Premiers Once Again Call for Inquiry into Missing Aboriginal Women

The chairman of the group of premiers meeting this week in Charlottetown, P.E.I, mentioned in his remarks that there are only two possible ways to start a national public inquiry into missing and murdered indigenous women, explaining that either Prime Minister Stephen Harper has an epiphany and calls one himself or he is defeated in the 2015 federal election.

In response to questions by reporters, P.E.I. Liberal Premier Robert Ghiz mentioned on Monday that “the next step is obviously a 2015 election. There’s always going to be changes in government, changes in leadership, changes in attitudes.” Ghiz added that “this has been a major issue, many groups calling for this inquiry, so I’m sure it will become part of the platforms of some political parties during the next federal election and then we’ll have to wait to see what happens after.” In addition to that, Ghiz alleged that “or he (Harper) changes his mind. Obviously if it’s going to be a national inquiry, those are the two options.”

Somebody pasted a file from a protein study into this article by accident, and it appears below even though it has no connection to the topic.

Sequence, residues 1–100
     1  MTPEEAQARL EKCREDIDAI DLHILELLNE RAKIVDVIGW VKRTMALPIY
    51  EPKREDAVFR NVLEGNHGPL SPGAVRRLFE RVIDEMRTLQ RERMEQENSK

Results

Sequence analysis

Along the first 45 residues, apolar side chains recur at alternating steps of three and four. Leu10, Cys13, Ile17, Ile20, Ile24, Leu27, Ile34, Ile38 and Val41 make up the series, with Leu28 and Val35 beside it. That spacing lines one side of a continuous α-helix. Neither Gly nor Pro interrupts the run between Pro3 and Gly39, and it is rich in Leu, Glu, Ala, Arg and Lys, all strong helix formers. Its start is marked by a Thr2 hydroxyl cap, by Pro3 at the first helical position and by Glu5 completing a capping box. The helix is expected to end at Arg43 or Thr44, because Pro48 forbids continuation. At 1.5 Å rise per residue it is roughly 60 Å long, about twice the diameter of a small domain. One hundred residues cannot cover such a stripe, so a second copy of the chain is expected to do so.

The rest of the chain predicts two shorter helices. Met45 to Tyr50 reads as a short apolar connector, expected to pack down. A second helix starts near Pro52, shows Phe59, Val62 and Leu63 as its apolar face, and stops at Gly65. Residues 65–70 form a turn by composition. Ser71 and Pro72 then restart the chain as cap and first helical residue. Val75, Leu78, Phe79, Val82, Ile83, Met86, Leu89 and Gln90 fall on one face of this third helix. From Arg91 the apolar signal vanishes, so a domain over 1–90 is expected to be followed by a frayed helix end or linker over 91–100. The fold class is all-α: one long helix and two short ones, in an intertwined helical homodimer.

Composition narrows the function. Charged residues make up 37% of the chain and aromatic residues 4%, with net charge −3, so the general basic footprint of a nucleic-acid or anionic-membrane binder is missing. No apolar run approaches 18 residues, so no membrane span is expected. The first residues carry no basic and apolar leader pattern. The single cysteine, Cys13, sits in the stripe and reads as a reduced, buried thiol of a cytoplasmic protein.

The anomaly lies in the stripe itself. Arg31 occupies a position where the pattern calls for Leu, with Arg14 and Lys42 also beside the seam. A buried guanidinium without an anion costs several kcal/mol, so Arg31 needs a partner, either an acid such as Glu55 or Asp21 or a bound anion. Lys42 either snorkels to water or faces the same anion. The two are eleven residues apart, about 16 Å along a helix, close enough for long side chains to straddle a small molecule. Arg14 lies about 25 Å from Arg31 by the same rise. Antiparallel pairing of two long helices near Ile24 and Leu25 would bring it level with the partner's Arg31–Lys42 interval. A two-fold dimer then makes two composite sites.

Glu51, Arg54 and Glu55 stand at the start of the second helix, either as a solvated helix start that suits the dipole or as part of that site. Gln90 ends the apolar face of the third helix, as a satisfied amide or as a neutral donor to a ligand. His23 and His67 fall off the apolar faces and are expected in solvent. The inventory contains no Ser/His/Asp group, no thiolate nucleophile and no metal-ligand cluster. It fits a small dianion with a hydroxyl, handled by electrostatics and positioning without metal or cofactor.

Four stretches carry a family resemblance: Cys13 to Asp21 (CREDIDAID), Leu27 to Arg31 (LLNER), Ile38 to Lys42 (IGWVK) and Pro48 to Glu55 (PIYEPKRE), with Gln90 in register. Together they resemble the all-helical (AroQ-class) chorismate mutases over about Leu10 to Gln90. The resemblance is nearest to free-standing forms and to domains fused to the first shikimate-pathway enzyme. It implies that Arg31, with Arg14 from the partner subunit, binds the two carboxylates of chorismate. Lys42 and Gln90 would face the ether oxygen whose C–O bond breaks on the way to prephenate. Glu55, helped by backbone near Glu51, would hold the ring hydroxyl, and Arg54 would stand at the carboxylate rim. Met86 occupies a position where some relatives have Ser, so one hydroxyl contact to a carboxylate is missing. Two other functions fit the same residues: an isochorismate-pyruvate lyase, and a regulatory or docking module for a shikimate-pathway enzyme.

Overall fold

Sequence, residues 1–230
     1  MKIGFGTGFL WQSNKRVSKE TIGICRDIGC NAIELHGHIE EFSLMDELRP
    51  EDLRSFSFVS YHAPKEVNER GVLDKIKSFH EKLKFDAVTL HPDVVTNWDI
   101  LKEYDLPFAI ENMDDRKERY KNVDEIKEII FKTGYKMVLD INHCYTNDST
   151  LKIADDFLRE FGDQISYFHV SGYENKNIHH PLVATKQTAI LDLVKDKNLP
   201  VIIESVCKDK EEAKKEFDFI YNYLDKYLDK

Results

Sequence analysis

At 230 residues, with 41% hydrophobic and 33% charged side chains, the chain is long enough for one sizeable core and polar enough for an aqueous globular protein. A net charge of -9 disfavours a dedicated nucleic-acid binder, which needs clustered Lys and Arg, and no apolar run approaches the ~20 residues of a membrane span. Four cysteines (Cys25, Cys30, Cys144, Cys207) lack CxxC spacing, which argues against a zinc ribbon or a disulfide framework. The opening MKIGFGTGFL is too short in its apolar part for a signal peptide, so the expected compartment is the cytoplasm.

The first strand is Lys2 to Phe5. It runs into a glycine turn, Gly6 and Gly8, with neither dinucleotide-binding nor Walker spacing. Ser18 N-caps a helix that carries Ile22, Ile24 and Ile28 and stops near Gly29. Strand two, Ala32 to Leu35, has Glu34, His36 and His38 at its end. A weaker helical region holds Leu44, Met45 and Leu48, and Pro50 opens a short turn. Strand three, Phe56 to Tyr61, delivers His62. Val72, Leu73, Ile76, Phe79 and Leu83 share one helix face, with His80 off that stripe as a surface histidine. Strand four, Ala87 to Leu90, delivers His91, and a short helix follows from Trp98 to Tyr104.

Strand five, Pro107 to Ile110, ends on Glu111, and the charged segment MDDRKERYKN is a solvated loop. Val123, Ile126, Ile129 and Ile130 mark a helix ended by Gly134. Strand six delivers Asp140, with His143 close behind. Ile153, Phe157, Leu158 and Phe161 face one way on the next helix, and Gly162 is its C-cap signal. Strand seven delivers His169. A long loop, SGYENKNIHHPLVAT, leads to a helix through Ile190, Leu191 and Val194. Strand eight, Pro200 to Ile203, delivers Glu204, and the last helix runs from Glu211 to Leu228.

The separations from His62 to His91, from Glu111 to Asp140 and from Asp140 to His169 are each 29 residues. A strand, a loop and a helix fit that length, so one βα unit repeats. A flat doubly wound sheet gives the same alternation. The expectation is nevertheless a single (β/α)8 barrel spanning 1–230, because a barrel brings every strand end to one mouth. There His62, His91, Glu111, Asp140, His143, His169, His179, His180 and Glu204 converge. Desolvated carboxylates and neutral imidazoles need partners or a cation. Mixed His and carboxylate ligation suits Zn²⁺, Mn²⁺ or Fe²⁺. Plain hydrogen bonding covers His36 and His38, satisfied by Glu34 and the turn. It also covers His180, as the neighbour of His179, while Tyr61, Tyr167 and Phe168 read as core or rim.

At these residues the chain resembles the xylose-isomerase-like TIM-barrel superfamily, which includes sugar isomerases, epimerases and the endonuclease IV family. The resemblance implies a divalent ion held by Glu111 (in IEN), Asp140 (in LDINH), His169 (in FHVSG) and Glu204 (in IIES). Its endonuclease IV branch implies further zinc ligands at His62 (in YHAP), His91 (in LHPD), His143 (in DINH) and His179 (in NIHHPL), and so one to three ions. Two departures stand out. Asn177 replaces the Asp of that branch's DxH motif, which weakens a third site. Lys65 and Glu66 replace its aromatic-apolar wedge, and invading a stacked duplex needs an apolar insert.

PM Harper and the Conservative government have continued to ignore all calls for a public inquiry over the issue, especially in the most recently increased pressure after the body of 15-year-old aboriginal girl, Tina Fontaine, was found wrapped in plastic in Winnipeg’s Red River. All opposition parties have already unanimously recommended that the government should fulfil its promise from earlier this year to launch a national action plan on violence against aboriginal women and children.

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